[T]he time has come to resist constantly turning to law as a place to direct our political disquiet. The indignity and disrespect with which we treat our fellow human beings is no longer about the law. The time has come to build a movement of solidarity with the people across oceans we plan to imprison, should they decide to make the rational decision to flee wars that we are already involved in (or no doubt will be fighting in future) – and to align ourselves with the fates of those we’ve already imprisoned.
The majority of critics have seen The Americans as a show about relationships and marriage, a view reinforced by the show’s creator, Joe Weisberg. But to me, regardless of the creator’s intentions, it’s a text about eighties politics and the decline of the traditional left in the US.
One of the key tenets of historical studies is that memory is political. What and how we remember certain events speaks volumes not only about those events, but also about the sociohistorical spaces in which those events played out, as well as the spaces in which the events are remembered. I am most interested in the way that the Beaumont children’s disappearance has been framed as symbolic of national innocence lost.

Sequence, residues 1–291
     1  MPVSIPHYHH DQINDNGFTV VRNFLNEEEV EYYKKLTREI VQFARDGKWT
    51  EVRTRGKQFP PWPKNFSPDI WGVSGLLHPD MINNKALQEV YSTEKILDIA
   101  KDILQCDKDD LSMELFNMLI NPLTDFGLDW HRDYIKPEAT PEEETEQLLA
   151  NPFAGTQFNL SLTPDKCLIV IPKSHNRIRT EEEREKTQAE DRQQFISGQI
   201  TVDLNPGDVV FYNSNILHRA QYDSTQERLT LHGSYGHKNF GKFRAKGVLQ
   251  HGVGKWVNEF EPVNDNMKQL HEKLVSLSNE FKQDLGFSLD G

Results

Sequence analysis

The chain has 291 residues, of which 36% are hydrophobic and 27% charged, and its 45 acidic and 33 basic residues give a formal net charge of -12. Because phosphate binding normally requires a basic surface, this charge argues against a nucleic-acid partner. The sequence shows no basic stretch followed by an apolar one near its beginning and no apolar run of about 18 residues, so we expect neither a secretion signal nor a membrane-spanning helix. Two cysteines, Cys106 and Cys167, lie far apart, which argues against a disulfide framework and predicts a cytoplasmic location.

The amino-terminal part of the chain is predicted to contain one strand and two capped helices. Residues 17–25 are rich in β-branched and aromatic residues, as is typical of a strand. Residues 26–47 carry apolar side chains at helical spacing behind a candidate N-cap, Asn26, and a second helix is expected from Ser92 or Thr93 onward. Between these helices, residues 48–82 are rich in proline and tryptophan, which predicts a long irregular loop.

One of precious few Italian films to deal with the pre-war Fascist period, and most especially with the acme of Mussolini’s popularity, Ettore Scola’s Una Giornata Particolare (A Special Day) takes place entirely within the confines of a tenement complex known as Palazzo Federici in Rome. Watching the film again during the week of Scola’s death in late January, and being familiar with story, I find that my attention is drawn not to the characters but to the buildings themselves.
Of course it’s true that transgender women don’t experience menstruation. I don’t think that’s very interesting, of itself: plenty of cis women don’t either. Nor, for that matter, do all women experience the following: childbirth, lactation, penetrative vaginal intercourse, bikini waxing, swooning over Colin Firth in a wet white shirt, wearing lipstick, and so on. And yet all of these are variously held up as universal – or definitive – experiences of womanhood in popular discourse. The shorthand we use for formative girlhood experiences privileges the white, middle class, heterosexual stories of cis girls in the Anglosphere.